Officials in Camden County, New Jersey, will have millions of dollars from national opioid litigation settlements at their disposal to combat the opioid epidemic in South Jersey.
In the first year of payouts, the county received $1.2 million and will prioritize mobile medication-assisted treatment, access to naloxone, and mental health services.
Camden County Health Commissioner Virginia Betteridge said her team will also address the pervasive stigma around addiction.
“Addiction is just like any other illness,” she said. “They can be our moms, our dads, our brothers, our sisters, our children, our grandparents, our cousins. So, we need to de-stigmatize that these are bad individuals.”
New Jersey stands to get a total $641 million from a national settlement with opioid manufacturer Johnson & Johnson and pharmaceutical distributors McKesson, Cardinal Health, and AmerisourceBergen.
Camden County’s cut will amount to $32 million over the next 18 years.
Early plans for spending the money include the launch of a pilot program that involves dispensing buprenorphine — one kind of opioid medication-assisted treatment — from a mobile outreach van.
Medication-assisted treatments like methadone, buprenorphine, and naltrexone are effective in helping people manage a substance use disorder. However, they typically require people to travel, sometimes long distances, to a treatment center.
The pilot program aims to bring treatment options closer, officials said. It will launch sometime this summer.
Dr. Matthew Salzman is an addiction medicine specialist at Cooper University Health Care. He said the mobile van will be part of the medical school’s street medicine initiative.
“These are students and staff who go out into the community of people who are experiencing homelessness to engage them, provide them with services, a lot of whom are really reluctant to seek health care,” Salzman said. “This is an opportunity to not just conceptually, but physically meet them where they are.”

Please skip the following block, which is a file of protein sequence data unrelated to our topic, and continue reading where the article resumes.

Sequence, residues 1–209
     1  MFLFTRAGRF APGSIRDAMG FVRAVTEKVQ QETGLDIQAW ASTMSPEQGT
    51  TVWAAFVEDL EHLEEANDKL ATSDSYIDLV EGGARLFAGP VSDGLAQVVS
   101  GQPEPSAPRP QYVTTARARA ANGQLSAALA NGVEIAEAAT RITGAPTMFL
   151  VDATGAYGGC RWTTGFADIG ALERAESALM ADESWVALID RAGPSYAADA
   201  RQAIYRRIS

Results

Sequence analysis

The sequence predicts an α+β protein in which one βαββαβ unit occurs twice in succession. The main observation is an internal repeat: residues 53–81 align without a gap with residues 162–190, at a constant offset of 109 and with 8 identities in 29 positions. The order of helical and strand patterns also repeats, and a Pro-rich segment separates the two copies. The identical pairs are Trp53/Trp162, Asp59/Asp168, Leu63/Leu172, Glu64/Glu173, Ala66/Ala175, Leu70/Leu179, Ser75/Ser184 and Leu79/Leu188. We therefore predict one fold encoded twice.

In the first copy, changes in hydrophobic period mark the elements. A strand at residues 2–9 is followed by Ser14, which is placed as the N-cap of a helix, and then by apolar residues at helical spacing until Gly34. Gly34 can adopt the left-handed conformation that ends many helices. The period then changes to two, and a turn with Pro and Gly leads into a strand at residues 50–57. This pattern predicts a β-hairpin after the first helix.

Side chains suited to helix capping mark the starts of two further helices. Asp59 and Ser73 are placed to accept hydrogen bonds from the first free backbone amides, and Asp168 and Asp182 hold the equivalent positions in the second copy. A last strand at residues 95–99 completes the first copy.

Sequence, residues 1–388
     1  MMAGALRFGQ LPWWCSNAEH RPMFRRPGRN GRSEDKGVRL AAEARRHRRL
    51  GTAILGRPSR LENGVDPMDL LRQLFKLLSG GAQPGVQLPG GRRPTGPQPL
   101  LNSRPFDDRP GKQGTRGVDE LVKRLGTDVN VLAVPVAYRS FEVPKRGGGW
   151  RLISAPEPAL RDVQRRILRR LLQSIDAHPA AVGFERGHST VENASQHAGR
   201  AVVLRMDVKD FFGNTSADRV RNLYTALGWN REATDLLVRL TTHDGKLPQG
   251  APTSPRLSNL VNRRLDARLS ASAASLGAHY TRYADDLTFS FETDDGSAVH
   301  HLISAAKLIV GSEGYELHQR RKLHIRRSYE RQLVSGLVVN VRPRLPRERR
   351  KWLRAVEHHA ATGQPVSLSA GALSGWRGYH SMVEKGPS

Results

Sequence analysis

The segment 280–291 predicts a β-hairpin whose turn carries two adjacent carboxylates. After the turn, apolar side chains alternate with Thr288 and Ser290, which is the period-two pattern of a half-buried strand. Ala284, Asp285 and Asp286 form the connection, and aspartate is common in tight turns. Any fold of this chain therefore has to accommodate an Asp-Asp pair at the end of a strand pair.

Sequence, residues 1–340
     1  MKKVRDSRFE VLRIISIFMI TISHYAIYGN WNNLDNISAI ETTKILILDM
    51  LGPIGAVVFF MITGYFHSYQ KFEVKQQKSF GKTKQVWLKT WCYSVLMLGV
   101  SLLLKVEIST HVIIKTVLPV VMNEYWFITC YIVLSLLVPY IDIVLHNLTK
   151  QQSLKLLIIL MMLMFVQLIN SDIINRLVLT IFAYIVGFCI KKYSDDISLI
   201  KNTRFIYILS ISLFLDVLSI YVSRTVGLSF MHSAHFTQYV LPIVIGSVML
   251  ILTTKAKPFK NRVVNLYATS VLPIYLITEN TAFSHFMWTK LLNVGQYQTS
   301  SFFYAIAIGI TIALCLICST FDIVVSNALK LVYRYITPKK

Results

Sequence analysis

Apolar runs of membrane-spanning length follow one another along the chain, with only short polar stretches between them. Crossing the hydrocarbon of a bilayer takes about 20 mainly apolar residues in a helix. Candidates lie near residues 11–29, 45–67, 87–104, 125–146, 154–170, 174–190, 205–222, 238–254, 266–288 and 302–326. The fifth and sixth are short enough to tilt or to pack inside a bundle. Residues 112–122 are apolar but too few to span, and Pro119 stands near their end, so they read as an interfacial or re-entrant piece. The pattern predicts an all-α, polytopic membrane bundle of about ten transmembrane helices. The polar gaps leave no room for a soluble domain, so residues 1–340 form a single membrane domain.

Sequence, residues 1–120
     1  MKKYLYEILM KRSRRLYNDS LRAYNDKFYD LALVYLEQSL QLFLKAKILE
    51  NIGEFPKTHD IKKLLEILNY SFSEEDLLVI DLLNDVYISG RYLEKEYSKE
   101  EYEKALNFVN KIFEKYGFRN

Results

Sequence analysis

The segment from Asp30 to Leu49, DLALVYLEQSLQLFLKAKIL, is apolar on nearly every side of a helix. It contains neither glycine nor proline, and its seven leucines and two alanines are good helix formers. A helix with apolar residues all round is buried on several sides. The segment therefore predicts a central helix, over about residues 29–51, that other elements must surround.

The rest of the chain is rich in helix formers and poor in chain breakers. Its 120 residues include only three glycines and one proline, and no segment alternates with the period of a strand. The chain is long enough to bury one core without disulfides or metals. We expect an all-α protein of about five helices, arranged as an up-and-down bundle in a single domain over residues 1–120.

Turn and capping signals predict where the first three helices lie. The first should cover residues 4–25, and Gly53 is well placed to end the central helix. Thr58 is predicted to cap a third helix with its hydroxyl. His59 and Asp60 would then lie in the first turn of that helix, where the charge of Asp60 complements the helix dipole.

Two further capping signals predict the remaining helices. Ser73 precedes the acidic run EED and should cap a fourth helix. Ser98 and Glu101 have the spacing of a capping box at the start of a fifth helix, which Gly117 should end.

The county also plans to expand access to naloxone by putting the opioid overdose reversal medication into every school, daycare, library, and place of worship.
County first responders administered naloxone 2,041 times last year, according to state data. Still, an estimated 354 people died from drug overdoses that year — the second-highest county death toll in New Jersey.
“It should be anywhere where someone would have access to an EpiPen, a defibrillator, a fire extinguisher,” Camden County Prosecutor Grace MacAulay said. “Anywhere where public congregates, that’s where the need is.”
The county began installing emergency naloxone kits in public and private schools last fall.
Settlement funds will also go toward ramping up mental health services that can be offered alongside substance use treatment, which officials said can help people with co-occurring disorders.
Other initiatives include:
- Take-home naloxone kits for patients in local emergency departments who have a substance use disorder or who have experienced an overdose.
- Substance use prevention education in middle and high schools.
- Post-crisis follow-up services for mental health patients after hospital stays.
- Provide school-aged children who’ve been suspended or expelled for mental or behavioral health issues free care from licensed clinical mental health providers.
- Add mental health navigators to the Project SAVE Program, which operates in the Camden County Municipal Court system to help people struggling with substance use.
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